Funding cut threatens Alliance
Leavenworth A Leavenworth agency that provides round-the-clock services to victims of domestic violence, stalking and sexual abuse is in a funding crisis.
Kay Andersen, executive director of Alliance Against Family Violence, told a news conference on Friday the agency had been notified its funding from the federal Rural Domestic Violence and Child Victimization Fund - amounting to $250,000 - would not be forthcoming.
No reason was given for the nonrenewal of the grant, except that the Alliance's latest application poorly defined what "community" it served, Andersen told the news conference, which was conducted at 1 p.m. Friday near the entrance to the Leavenworth County Justice Center. In addition to the media, attendees included law enforcement officials from Lansing, Leavenworth and Leavenworth County, area politicians, candidates and a phalanx of the Alliance's supporters.
Andersen said loss of the grant money - one third of the Alliance's annual budget - could mean layoff of eight people at the agency. Services that would be curtailed include police-response advocates, who assist crime victims at the crime scene and beyond, play therapy for child victims of domestic violence, case management and outreach.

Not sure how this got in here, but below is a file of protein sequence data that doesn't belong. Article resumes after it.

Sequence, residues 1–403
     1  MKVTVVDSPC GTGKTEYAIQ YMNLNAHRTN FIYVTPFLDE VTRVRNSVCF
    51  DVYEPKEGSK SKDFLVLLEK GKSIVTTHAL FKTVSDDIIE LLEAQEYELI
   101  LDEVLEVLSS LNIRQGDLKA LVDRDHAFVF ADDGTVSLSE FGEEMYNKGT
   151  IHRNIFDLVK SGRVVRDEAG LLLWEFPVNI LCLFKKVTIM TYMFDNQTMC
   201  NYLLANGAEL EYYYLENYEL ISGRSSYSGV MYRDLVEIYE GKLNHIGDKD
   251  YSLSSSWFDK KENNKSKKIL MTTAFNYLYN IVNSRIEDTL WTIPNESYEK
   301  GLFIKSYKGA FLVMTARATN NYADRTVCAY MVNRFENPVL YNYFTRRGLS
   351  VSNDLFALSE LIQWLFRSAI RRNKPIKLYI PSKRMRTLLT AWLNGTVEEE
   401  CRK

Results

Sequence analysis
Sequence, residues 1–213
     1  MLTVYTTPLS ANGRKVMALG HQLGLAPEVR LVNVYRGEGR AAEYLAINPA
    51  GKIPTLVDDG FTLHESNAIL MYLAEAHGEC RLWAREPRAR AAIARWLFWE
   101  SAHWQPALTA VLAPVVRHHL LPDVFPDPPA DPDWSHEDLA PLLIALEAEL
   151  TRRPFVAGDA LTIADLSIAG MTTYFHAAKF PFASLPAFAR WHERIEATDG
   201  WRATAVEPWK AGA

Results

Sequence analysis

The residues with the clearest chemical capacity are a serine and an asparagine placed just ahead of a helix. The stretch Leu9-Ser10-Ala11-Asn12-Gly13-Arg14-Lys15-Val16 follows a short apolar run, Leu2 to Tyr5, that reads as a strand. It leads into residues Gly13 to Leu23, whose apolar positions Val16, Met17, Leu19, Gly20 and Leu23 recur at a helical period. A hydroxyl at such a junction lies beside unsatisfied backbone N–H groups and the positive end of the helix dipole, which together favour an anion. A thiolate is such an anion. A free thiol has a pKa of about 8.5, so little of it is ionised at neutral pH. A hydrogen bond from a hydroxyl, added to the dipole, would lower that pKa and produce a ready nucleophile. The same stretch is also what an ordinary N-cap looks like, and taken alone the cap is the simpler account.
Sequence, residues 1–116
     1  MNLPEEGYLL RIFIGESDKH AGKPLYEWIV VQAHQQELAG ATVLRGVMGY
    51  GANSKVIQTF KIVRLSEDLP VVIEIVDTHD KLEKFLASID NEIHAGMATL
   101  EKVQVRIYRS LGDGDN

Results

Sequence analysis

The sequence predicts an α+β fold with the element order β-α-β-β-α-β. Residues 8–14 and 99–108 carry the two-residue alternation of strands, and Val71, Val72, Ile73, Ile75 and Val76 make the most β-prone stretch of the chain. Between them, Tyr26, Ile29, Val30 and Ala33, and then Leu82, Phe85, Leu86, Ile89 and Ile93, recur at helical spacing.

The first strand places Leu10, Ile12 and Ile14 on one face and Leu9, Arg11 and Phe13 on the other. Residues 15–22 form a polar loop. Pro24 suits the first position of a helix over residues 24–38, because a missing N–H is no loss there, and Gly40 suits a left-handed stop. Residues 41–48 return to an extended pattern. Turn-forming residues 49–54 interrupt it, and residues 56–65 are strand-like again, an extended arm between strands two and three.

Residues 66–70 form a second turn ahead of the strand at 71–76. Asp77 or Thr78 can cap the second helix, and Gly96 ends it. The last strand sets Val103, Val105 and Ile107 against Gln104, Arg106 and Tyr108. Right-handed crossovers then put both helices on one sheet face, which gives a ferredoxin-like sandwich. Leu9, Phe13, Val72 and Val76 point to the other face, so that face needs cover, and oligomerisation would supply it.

Lee Doehring, Leavenworth's chief of police, said loss of those services, especially the police-response advocates, would be devastating.
"The loss of the funding and the loss of the police response advocates presents the potential for a public safety crisis," he said.
Their work, he said, has "unequivocally" prevented aggravated batteries, rapes and murders.
Andersen urged community members to donate time or money to the agency; in the absence of the ability to donate, she asked that anyone interested in helping the agency call the offices of Congressman Jim Ryun and U.S. Sens. Sam Brownback and Pat Roberts to urge reconsideration by the Justice Department of the grant application.